Andraé Crouch: For Such a Time
[dropcap]A[/dropcap] man’s gift makes room for him and brings him before great men. Prov 18:16 (NASB)
I’ve had many tears and sorrows,
I’ve had questions for tomorrow,
There have been times I didn’t know right from wrong.
But in every situation,
God gave me blessed consolation,
That my trials came to only make me strong.
Through it all,
Through it all,
I’ve learned to trust in Jesus,
I’ve learned to trust in God.
Through it all,
Through it all,
I’ve learned to depend upon His Word.
Andraé Crouch didn’t study music; he simply started playing. He often related, “…how his piano-playing was literally God-given when he was a child. Andraé’s dad prayed for him and within one week Andraé was playing piano like a pro.”
To God be the Glory
Because Andraé was dyslexic, he could not easily read or memorize music and lyrics and had to draw pictures and symbols as a reminder and guide through songs. He said in an interview with the Associated Press in 2011, “I memorized everything through sight, the shape of the word… Some things that I write, you’ll see a page with cartoon pictures or a drawing of a car — like a Ford — or a flag. I still do it on an occasion when a word is strange to me… So when I finish a song, I thank God for bringing me through.”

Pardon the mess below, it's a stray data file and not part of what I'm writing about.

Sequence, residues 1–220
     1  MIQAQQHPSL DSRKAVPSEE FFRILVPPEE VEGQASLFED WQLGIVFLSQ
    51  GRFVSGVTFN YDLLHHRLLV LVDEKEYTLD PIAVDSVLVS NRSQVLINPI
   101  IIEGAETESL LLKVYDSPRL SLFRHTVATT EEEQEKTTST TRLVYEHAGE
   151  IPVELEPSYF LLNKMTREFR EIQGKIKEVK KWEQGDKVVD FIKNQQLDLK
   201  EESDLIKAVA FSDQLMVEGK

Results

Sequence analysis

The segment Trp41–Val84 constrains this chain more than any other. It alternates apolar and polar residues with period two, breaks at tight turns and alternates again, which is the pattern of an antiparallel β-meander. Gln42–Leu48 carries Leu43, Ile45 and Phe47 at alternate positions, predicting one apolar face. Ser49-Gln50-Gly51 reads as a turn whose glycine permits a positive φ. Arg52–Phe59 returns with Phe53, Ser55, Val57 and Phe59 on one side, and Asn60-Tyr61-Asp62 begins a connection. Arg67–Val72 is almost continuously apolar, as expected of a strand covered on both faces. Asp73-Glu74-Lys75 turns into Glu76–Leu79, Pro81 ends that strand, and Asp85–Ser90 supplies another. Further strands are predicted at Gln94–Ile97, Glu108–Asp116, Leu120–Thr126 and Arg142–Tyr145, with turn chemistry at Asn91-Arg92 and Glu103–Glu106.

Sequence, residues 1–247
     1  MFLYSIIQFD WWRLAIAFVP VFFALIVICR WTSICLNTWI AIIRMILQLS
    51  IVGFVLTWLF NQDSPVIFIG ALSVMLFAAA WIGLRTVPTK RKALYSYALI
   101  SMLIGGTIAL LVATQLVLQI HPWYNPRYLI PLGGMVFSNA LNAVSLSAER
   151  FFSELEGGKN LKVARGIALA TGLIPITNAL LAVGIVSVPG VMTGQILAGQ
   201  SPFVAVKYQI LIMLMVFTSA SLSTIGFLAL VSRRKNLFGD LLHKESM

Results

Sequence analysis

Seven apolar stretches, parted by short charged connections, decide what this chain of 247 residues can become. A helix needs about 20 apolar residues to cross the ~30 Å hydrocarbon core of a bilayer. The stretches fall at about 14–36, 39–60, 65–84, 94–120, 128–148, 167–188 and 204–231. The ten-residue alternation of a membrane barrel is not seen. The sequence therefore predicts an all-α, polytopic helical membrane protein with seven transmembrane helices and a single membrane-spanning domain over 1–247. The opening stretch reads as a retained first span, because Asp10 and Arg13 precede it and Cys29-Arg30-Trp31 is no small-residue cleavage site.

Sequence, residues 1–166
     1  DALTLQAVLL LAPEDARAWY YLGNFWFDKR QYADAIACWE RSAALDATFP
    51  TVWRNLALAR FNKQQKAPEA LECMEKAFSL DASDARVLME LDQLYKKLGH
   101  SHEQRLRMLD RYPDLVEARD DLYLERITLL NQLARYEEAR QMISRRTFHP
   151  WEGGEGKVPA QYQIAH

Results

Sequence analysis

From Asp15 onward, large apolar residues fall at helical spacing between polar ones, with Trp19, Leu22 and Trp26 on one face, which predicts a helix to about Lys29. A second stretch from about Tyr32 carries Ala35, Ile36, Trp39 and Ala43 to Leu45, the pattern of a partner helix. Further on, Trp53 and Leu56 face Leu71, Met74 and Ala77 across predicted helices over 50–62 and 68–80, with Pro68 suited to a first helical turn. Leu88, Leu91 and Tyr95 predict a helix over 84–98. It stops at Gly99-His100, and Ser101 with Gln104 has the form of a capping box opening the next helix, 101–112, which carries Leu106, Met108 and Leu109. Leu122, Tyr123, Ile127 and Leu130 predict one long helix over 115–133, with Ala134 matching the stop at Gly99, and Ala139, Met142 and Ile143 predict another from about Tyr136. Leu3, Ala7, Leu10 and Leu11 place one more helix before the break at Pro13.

Someone utilizing the standard means of testing and assigning a percentile to young children in the 1940s projecting their chances for success might have missed Andraé’s potential for unending creativity and the ability to arrange complex scores. They might not have envisioned that someday he would create award-winning songs and albums for iconic artists, score major motion pictures, and stage presentations, gathering awards across creative platforms, cultures, styles, and generations. Could they in their most far-reaching imaginations think that he would collaborate with God and a handful of other pioneering artists to change the sound and reach of contemporary Church music and even the way church services are structured?
Through it all
And dyslexia wasn’t the only roadblock or difficulty: the death of his parents, other family members and friends, numerous bouts of cancer, diabetes, and pushback from a cadre of pastors, as well as being under the media microscope added to challenges that seemed to feed rather than thwart his talents. Andraé gives all artists hope that God’s gift accompanied by his grace is greater than any natural or human limitation, and can stand against every voice, negative expectation, loss, and opposition.
What it’s all about
He was a visionary and a catalytic creative voice at a time of cultural and musical change. He has been called the Father of Modern Gospel. Andraé, with his amazing talent seemed to know that the radius of creativity included artists and influences from all sides, times, and genres. He was generous and loved sharing the spotlight with others, creating opportunities where their talent and gifts could shine. He was a good listener and had a way of finding/attracting and gathering the most refreshing and accomplished artists to collaborate on groundbreaking and original music that encompassed pop, gospel, R&B, rock, and a confluence of other musical influences.